F. Optimal Encoding
time limit per test
7 seconds
memory limit per test
1024 megabytes
input
standard input
output
standard output

Touko's favorite sequence of numbers is a permutation $a_1, a_2, \dots, a_n$ of $1, 2, \dots, n$, and she wants some collection of permutations that are similar to her favorite permutation.

She has a collection of $q$ intervals of the form $[l_i, r_i]$ with $1 \le l_i \le r_i \le n$. To create permutations that are similar to her favorite permutation, she coined the following definition:

• A permutation $b_1, b_2, \dots, b_n$ allows an interval $[l', r']$ to holds its shape if for any pair of integers $(x, y)$ such that $l' \le x < y \le r'$, we have $b_x < b_y$ if and only if $a_x < a_y$.
• A permutation $b_1, b_2, \dots, b_n$ is $k$-similar if $b$ allows all intervals $[l_i, r_i]$ for all $1 \le i \le k$ to hold their shapes.

Yuu wants to figure out all $k$-similar permutations for Touko, but it turns out this is a very hard task; instead, Yuu will encode the set of all $k$-similar permutations with directed acylic graphs (DAG). Yuu also coined the following definitions for herself:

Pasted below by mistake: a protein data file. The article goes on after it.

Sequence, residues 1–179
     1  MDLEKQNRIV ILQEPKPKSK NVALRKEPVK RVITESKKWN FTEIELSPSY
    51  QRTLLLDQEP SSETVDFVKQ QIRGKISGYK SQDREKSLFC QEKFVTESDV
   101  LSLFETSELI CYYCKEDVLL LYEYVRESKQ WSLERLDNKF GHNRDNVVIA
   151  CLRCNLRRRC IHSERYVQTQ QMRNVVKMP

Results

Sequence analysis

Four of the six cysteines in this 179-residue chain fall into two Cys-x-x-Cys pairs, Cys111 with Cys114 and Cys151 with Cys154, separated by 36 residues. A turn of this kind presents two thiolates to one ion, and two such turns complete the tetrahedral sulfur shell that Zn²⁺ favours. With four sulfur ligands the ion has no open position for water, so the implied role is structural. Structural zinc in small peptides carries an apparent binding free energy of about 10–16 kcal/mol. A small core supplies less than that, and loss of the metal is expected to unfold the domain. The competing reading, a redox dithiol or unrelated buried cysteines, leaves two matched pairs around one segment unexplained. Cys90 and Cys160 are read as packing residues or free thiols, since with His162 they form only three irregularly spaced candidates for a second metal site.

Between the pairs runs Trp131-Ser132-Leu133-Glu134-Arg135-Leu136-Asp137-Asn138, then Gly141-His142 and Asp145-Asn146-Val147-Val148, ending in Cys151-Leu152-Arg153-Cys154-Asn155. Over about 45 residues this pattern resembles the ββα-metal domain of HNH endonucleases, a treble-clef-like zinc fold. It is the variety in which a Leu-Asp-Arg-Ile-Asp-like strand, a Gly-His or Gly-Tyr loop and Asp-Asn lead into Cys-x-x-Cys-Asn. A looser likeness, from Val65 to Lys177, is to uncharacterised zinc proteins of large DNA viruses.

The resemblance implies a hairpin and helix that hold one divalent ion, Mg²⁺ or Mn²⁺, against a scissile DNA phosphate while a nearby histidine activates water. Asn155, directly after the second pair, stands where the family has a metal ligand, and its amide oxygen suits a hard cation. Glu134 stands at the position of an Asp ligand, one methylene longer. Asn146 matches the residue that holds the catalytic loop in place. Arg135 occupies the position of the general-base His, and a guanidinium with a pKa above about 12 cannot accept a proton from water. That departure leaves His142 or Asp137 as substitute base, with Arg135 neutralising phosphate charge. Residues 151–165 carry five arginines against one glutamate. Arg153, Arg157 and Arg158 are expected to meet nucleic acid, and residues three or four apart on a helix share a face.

• A permutation $b_1, b_2, \dots, b_n$ satisfies a DAG $G'$ if for all edge $u \to v$ in $G'$, we must have $b_u < b_v$.
• A $k$-encoding is a DAG $G_k$ on the set of vertices $1, 2, \dots, n$ such that a permutation $b_1, b_2, \dots, b_n$ satisfies $G_k$ if and only if $b$ is $k$-similar.

Since Yuu is free today, she wants to figure out the minimum number of edges among all $k$-encodings for each $k$ from $1$ to $q$.

Input

The first line contains two integers $n$ and $q$ ($1 \le n \le 25\,000$, $1 \le q \le 100\,000$).

The second line contains $n$ integers $a_1, a_2, \dots, a_n$ which form a permutation of $1, 2, \dots, n$.

The $i$-th of the following $q$ lines contains two integers $l_i$ and $r_i$. ($1 \le l_i \le r_i \le n$).

Output

Print $q$ lines. The $k$-th of them should contain a single integer  — The minimum number of edges among all $k$-encodings.

Examples
Input
4 3
2 4 1 3
1 3
2 4
1 4

Output
2
4
3

Input
8 4
3 7 4 8 1 5 2 6
3 6
1 6
3 8
1 8

Output
3
5
9
7

Input
10 10
10 5 1 2 7 3 9 4 6 8
2 2
4 5
6 8
4 10
4 4
2 7
2 2
7 8
3 7
2 10

Output
0
1
3
6
6
9
9
9
9
8

Note

For the first test case:

• All $1$-similar permutations must allow the interval $[1, 3]$ to hold its shape. Therefore, the set of all $1$-similar permutations is $\{[3, 4, 2, 1], [3, 4, 1, 2], [2, 4, 1, 3], [2, 3, 1, 4]\}$. The optimal encoding of these permutations is • All $2$-similar permutations must allow the intervals $[1, 3]$ and $[2, 4]$ to hold their shapes. Therefore, the set of all $2$-similar permutations is $\{[3, 4, 1, 2], [2, 4, 1, 3]\}$. The optimal encoding of these permutations is • All $3$-similar permutations must allow the intervals $[1, 3]$, $[2, 4]$, and $[1, 4]$ to hold their shapes. Therefore, the set of all $3$-similar permutations only includes $[2, 4, 1, 3]$. The optimal encoding of this permutation is